Legislative Assembly for the ACT: 2013 Week 11 Hansard (19 September) . . Page.. 3479..
When it comes to Mr Hanson's comments, let me offer a few brief remarks. He was concerned to see that these matters were being played out in the Assembly. The bottom line is that there is some disagreement between me and the ALP on these matters. We do have a different view, and I think that is perfectly healthy. The parliamentary agreement certainly envisages those situations, and in some ways Mr Hanson should be pleased, because there is an opportunity for him to have a role in working out which way these matters should fall. Again, that is what parliaments are supposed to do. They are supposed to debate the merits of issues, and the fact that these amendments have come to the Assembly is a healthy thing.
The other thing I would say is that on numerous occasions the Greens have offered the Liberal Party briefings and discussion on this legislation. From back when Mr Seselja was still in the Attorney-General's shadow portfolio right through to recently, we have repeatedly offered briefings and discussion opportunities so we could ask, "Look, is there something you would like to do differently?"For Mr Hanson to walk in here today and make some assertions about this being last minute, being rushed, is really a reflection of his own behaviour.
That is how the Liberal Party operates. They come in here at 9 o'clock or whatever time they have their party meeting and go: "What are we going to do today? We had better sort out a position on these issues."We know that because of how often we cannot find out what the Liberal Party is doing until after their party room meeting in the morning. They do not think about something in advance. There is no advance canvassing; there is no ability to engage in discussion. Mr Hanson—through you, Madam Speaker—if you had actually had a briefing over the many previous occasions in the last few weeks, we would have run you through these matters. The fact that you cannot switch your focus on until less than 24 hours before an event is not our problem; it is yours.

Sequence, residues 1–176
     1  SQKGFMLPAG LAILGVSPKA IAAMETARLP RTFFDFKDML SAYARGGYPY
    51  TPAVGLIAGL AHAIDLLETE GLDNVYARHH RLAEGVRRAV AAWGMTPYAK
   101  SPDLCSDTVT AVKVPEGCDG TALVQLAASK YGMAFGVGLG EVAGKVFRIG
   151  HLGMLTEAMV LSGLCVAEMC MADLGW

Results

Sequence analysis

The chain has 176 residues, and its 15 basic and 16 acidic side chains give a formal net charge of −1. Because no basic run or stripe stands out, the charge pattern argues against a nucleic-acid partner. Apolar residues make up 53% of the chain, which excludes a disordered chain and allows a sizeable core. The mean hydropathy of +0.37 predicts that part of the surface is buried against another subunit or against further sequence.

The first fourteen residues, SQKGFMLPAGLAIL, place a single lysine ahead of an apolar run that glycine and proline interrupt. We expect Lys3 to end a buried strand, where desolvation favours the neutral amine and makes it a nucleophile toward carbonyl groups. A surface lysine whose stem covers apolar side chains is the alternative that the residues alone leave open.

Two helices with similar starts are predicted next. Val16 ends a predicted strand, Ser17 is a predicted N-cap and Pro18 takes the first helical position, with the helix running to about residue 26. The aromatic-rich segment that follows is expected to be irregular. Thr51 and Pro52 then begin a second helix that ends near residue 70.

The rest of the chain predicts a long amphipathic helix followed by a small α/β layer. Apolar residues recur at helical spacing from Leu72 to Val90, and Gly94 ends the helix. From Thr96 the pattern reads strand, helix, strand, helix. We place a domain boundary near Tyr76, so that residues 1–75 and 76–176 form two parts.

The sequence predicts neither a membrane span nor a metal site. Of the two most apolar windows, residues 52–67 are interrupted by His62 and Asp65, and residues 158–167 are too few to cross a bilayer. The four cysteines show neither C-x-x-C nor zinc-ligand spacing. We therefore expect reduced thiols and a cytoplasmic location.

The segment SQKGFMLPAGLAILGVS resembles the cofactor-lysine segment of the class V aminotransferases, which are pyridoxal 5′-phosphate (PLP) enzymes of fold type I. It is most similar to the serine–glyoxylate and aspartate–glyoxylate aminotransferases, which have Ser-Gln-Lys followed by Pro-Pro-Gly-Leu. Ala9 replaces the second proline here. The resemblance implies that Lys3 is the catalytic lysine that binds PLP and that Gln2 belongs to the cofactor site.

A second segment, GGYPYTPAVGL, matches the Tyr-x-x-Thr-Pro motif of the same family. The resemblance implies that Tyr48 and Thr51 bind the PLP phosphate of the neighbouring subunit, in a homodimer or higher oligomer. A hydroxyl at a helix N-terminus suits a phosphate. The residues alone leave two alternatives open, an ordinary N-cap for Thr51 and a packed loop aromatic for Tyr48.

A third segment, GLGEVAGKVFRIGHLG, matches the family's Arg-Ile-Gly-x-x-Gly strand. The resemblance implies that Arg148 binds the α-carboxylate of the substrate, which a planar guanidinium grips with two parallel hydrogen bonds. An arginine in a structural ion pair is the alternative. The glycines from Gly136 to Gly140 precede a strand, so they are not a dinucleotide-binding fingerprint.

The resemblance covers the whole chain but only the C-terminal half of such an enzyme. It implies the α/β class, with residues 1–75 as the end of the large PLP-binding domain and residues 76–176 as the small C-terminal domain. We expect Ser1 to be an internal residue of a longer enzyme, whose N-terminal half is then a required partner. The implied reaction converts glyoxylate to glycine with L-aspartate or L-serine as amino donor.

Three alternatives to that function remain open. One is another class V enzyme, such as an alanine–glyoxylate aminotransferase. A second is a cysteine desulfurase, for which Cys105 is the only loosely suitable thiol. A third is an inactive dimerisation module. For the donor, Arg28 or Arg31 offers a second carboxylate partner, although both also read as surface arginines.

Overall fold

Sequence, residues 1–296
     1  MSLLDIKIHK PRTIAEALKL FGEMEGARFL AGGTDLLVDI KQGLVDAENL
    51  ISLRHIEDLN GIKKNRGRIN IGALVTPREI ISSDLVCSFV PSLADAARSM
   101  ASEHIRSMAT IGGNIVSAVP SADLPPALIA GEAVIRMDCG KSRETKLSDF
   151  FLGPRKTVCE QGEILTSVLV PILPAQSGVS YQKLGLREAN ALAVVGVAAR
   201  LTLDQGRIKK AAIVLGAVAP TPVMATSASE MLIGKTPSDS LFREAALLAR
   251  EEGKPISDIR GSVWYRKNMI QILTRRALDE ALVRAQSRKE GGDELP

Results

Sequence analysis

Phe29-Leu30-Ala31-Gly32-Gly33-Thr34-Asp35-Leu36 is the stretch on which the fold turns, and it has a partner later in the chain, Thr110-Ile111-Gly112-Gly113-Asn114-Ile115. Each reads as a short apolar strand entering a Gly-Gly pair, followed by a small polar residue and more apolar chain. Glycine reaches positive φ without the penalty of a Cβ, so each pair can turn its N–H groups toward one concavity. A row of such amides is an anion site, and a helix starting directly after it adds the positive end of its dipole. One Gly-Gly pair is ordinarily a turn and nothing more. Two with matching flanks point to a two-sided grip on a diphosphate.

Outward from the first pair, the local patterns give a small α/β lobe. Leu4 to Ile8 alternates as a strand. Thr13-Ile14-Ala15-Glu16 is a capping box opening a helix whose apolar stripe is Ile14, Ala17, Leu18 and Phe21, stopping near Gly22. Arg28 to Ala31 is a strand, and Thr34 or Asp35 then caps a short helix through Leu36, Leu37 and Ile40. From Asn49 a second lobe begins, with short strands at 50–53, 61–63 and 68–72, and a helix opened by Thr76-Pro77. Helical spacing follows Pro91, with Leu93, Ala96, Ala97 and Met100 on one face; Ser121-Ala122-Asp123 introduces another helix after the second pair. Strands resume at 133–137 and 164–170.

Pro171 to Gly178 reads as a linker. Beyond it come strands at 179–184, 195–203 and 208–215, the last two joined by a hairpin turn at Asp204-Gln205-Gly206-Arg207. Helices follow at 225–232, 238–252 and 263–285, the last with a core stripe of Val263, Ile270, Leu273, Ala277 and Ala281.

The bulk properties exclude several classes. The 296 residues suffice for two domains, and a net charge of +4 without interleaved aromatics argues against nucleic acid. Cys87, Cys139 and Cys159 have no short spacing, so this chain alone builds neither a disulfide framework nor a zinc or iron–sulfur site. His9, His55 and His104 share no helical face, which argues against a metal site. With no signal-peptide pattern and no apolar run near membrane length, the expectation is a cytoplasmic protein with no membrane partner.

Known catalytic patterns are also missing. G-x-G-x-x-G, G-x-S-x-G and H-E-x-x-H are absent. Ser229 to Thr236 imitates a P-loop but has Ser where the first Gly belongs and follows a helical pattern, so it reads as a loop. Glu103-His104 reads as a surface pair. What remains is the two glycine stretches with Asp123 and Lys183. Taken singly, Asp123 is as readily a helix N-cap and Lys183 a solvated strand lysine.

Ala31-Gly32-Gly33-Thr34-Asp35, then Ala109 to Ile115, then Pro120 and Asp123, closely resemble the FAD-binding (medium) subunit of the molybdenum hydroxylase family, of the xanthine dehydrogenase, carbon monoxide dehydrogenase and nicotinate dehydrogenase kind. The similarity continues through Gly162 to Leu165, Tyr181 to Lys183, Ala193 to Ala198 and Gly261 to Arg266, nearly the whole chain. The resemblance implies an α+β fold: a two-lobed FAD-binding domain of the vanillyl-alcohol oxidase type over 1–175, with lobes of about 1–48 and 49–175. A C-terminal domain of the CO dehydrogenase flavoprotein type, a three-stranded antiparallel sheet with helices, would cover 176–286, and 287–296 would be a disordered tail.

In summary, these amendments are not supported by the evidence and they are a step away from the benefits that the bill is intended to bring. Particularly in relation to amendments that exclude certain decisions and certain groups, I would like to stress my opposition to those amendments. However, for the benefit of getting the bill through today, I understand that the changes that will come about as a result of this bill, even in its amended form, are good outcomes for the community. It will enable more people in the community to come forward and to be able to challenge administrative decisions, to have judicial review. That can only be a healthy thing for the quality of governance in the territory and for democracy in the territory.
Overall, I think we have made good progress today. I particularly thank the Attorney-General and his staff for working with me and my office to find ground where we could move forward. We may not agree on all of the details, but nonetheless we are doing something very good here today that citizens in Canberra who feel aggrieved by government decisions will appreciate. They will have an opportunity to have their day in court. They may or may not win, but we will be a better territory for these changes.
MADAM SPEAKER: Before we proceed I would like the guidance of the Assembly. It is now 23 minutes before 1 o'clock. We normally adjourn at 12.30. I know that